The Curuious Case of P C Parekh – Pratim Ranjan Bose

Pratim - CopyWas P C Parekh, the coal secretary of India during 2004-2005, a party to Rs. 1,85,591.34 crore coal block allotment scam – popularly referred  as “Coalgate” – unearthed by the Comptroller an Auditor General (CAG)?

On Tuesday, October 15, the Central Bureau of Investigation (CBI) accused Parekh of indulging in corruption in granting Hindalco participatory interest in a coal block in Odisha, months before his exit from the coal ministry.

While it for the Court to decide on the future of the retired Andhra cadre IAS; the course of investigation may send shivers through the spines of a highly endangered tribe of upright bureaucrats, still left in the administration.

A careful read of the CAG report would find that Parekh put up a strong resistance against ad-hoc distribution of coal blocks by the Congress led UPA-I regime (2004-2009).

And, his endless communications – elaborating the loopholes in the captive dispensation policy and strong arguments in favour of competitive bidding – left all important trail of a crime in the making.

In early 2013, National Collateral Management Services Limited (NCML) published my essay “Coal Allocation Policy: A Critique” in the India Commodity Yearbook 2013 (

In readers’ interest, I reproduce the following section from the paper:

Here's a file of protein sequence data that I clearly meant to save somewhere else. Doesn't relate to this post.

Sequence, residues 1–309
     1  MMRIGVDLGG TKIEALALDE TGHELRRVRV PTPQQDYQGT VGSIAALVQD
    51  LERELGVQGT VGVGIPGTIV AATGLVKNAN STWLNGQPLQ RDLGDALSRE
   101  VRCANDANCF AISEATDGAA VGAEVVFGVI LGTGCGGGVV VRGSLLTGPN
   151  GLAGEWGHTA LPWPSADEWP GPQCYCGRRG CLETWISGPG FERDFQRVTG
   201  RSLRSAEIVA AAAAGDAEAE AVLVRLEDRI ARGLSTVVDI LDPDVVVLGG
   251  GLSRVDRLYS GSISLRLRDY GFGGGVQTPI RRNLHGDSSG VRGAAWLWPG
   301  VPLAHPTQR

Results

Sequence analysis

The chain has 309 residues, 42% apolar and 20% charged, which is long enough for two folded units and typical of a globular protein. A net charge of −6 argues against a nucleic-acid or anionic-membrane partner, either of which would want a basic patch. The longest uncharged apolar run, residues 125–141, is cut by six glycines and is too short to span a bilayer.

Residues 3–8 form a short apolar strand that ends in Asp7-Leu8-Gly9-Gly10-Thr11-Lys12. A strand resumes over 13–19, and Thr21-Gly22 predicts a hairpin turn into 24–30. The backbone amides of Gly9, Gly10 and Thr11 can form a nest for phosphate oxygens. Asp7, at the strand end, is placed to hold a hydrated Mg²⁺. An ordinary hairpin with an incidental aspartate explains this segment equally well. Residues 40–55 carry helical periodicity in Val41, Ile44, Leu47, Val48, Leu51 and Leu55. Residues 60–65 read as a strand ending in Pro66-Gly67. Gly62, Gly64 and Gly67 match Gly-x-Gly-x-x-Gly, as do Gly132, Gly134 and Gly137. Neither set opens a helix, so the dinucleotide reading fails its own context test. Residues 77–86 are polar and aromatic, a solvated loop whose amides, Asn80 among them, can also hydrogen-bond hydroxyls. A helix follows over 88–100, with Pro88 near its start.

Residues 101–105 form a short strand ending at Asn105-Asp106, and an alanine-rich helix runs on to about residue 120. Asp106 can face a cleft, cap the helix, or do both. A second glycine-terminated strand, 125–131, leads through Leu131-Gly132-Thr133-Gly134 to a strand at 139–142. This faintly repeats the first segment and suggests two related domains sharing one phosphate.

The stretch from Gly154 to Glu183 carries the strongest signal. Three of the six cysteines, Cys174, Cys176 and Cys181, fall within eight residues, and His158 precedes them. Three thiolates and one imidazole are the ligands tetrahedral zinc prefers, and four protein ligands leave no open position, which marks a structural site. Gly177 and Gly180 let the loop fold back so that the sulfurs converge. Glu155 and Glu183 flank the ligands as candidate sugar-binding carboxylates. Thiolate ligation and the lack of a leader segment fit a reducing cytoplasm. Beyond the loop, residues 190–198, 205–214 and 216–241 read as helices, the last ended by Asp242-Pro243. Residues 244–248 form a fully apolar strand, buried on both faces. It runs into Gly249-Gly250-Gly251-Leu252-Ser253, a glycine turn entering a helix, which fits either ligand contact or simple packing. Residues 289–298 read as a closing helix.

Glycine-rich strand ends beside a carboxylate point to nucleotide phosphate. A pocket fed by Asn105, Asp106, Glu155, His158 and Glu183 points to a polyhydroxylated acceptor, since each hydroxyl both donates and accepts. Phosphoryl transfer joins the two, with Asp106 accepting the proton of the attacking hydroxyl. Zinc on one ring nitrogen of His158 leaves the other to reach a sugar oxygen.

Babu proposes, politics opposes

Going by the chronology of events, one has no choice but to believe that the government was in hurry to prevent competitive bidding and let the blocks be allotted through the prevailing mechanism.

There were clear remarks from the minister of state for coal that the “proposal for competitive bidding may not be pursued”.

The minister cited “general reluctance on the part of power utilities to take part in competitive bidding due to cost implications and; “disagreed” to secretary’s view that screening committee could not ensure transparent decision making.

The debate continued for over one year, during which period Parekh was consistent that considering the huge interest and lobbying by industry for blocks, the prevailing ‘captive dispensation’ mechanism should open a Coalgate.

The chronology of events, as prepared by CAG, clarifies that PMO though well appraised by the coal secretary, preferred oppose competitive biding – citing either legal issues or opposition from the ruling politics in the coal bearing states.

With PMO backing captive dispensation, the screening committee started distribution of assets to private parties from March 2005. The second such allotment was made to Jayaswal Neco Ltd, in May 2005, followed by three blocks to Abhijeet group. Both are sponge iron makers and reportedly having strong influences over politics (of all class and creed).

Recent Media reports suggest that Jayaswal Neco and Abhijeet Group belong to the same family that managed a total of 10 blocks (“Coalgate[1]: One family that struck gold in coal Mines” Supriya Sharma, Times of India, Sep 5, 2012). And, there is little progress on the proposed end-use plants. The allocations are now probed by the investigating agencies.

What happened next is history! Parekh left coal ministry in end 2005. He was replaced by H C Gupta, as coal secretary. India started distributing coal assets in full steam from 2006.

According to CAG, coal ministry distributed 52 blocks between 2006 and 2008. The number and total reserves allotted far exceeds the total captive dispensation in between 1993 and 2005.

Pratim Ranjan Bose is a senior journalist with one of the leading pink papers. This article is being reproduced from his linkedin page :